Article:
Japan bombs New Mexico

C. G. Estabrook galliher at alexia.lis.uiuc.edu
Thu Mar 25 15:56:47 PST 1999

The following is a translation of last night's speech by the Prime Minister of Japan, explaining why the Japanese air force bombed military bases and command-and-control installations in the American Southwest:

"My fellow citizens:

Today our armed forces joined our allies in the Pacific Rim Organization for National Treaty Observance in air strikes against American forces responsible for the brutality in New Mexico. We have acted with resolve for several reasons.

We act to protect thousands of innocent people in New Mexico from a mounting military offensive by the `border patrol.' We act to defuse a powder keg at the heart of North America that has exploded twice before in the last century and a half with catastrophic results, when the US invaded Mexico in 1846 and 1916. We act to stand united with our allies for peace. By acting now, we are upholding our values, protecting our interests, and advancing the cause of peace.

Tonight I want to speak with you about the tragedy in New Mexico and why it matters to Japan that we work with our allies to end it.

First, let me explain what it is we are responding to. New Mexico is a state of the United States, in the middle of southwestern North America, about 1500 miles west of Cuba -- that's less than the distance from Hokkaido to Okinawa -- and only about 1000 miles north of Mexico City. Its people are mostly ethnic Latino and mostly Catholic.

In recent years America's leader, Bill Clinton, the same leader who started the wars in Iraq and Colombia and attacked Sudan and Afghanistan in the last decade, increased the authority of the federal secret police, the `INS'; Mexicans are denied their right to speak their language, run their schools, shape their daily lives. For years, Latinos struggled peacefully to get their rights back. When President Clinton sent his troops and police to crush them, the struggle grew violent.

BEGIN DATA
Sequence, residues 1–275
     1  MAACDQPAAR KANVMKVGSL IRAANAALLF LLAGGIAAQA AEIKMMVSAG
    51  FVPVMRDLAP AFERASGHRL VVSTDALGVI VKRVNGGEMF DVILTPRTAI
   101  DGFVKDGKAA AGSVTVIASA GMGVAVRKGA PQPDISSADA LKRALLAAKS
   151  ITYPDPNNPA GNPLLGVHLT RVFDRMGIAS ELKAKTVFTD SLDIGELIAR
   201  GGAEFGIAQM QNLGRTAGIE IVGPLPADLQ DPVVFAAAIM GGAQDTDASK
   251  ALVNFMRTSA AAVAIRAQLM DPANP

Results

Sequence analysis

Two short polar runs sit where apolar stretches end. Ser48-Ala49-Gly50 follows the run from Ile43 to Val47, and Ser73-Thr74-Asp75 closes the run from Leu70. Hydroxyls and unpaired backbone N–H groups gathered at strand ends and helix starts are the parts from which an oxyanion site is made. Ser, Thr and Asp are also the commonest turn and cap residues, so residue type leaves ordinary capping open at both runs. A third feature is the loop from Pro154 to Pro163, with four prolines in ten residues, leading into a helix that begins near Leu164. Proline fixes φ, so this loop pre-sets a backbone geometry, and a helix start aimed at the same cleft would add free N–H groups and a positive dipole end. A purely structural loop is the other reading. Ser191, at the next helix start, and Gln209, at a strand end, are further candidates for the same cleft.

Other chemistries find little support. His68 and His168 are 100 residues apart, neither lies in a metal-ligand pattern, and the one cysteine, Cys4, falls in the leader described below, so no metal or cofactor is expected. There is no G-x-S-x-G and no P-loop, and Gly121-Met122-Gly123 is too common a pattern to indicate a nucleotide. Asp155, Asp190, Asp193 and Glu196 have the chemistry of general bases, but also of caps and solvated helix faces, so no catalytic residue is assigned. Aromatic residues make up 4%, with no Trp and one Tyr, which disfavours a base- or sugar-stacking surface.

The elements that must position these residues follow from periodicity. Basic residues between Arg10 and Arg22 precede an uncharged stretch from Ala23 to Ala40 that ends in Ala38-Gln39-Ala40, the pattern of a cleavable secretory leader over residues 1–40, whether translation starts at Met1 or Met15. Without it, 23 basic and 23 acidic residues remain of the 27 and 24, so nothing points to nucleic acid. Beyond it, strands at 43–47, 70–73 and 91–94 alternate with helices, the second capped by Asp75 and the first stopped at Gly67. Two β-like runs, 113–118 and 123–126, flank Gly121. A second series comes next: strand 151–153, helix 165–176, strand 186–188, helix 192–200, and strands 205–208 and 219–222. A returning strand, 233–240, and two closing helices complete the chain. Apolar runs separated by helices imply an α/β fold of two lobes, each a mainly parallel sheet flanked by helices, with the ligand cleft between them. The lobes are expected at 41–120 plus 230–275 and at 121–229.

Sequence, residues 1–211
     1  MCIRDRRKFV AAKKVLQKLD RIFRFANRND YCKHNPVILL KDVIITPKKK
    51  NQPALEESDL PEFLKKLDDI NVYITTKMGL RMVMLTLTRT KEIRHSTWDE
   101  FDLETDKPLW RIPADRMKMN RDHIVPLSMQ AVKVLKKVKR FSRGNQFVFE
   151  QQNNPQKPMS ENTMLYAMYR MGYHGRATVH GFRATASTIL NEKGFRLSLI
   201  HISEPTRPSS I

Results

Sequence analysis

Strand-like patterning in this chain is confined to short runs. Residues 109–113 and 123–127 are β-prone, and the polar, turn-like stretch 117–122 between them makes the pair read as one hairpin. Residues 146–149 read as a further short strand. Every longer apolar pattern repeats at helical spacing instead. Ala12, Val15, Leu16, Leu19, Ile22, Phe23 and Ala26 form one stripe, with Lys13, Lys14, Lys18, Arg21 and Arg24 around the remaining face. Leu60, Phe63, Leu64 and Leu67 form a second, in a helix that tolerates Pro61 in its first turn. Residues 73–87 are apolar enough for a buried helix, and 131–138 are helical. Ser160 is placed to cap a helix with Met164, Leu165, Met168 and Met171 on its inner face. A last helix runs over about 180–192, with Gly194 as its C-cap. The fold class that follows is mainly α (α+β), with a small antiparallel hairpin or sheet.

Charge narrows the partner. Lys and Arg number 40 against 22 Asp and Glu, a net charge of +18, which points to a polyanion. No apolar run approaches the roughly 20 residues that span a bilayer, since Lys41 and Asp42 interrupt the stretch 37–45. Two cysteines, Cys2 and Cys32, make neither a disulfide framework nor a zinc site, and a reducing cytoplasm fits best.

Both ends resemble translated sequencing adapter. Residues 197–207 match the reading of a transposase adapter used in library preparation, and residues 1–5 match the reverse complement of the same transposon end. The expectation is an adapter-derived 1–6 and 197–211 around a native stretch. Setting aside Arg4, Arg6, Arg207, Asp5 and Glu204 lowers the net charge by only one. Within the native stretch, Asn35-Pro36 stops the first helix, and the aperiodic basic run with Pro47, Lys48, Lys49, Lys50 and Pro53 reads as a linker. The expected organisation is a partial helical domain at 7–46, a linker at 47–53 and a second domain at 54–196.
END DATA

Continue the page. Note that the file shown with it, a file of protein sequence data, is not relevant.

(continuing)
The American leaders refuse even to discuss key elements of the Japanese peace proposal. America has stationed Marines along the border in preparation for a major offensive. We've seen innocent people taken from their homes, forced to kneel in the dirt and sprayed with bullets; Mexican men dragged from their families, fathers and sons together lined up and shot in cold blood. This is not war in the traditional sense. It is an attack by armored vehicles and high-tech weapons on a largely defenseless people whose leaders speak only of peace.

Ending this tragedy is a moral imperative. It is also important to Japan's national interests. Take a look at the map. New Mexico is a small place, but it sits on a major fault line between North America, Latin America, and the Pacific, at the meeting place of Catholicism and both the liberal and evangelical branches of Protestantism. To the South are our allies, Peru (whose president is of Japanese descent) and Venezuela (which produces oil); to the north our increasingly important trading partner, Canada.

And all around New Mexico there are other states struggling with their own economic and political challenges, states that could be overwhelmed by a large new wave of refugees from New Mexico -- California, Texas, Arizona. All the ingredients for a major war are there: Ancient grievances, struggling democracies, and in the center of it all, a president in America of highly questionable personal character who has done nothing since the Cold War ended but start new wars and pour gasoline on the flames of ethnic and religious division.

In neighboring Guatemala President Clinton recently acknowledged that American support for torture and murder cost 200,000 lives. Earlier, World War II engulfed the Pacific. In both wars, the world was slow to recognize the dangers, and Japan held back from entering these conflicts. Just imagine if leaders back then had acted wisely and early enough. How many lives could have been saved? How many Japanese would not have had to die?

We learned some of the same lessons in Nicaragua and El Salvador a decade ago. The world did not act early enough to stop those wars, either. And let's not forget what happened: Innocent people herded into concentration camps; children gunned down by snipers on their way to school; soccer fields and parks turned into cemeteries; a quarter of a million people killed not because of anything they had done but because of who they were. Two million Central Americans became refugees.

This was genocide in the heart of the Americas, not in 1945 but in 1985, not in some grainy newsreel from our parents' and grandparents' time, but in our own time, testing our humanity and our resolve.

At the time, many people believed nothing could be done to end the bloodshed in Central America, They said, `Well, that's just the way those people in the Americas are.' But when we and our allies in the UN joined with courageous Central Americans to stand up to the aggressors, we helped end the wars. We learned that in the Americas inaction in the face of brutality simply invites more brutality, but firmness can stop armies and save lives. We must apply that lesson in New Mexico, before what happened in Central America happens there too.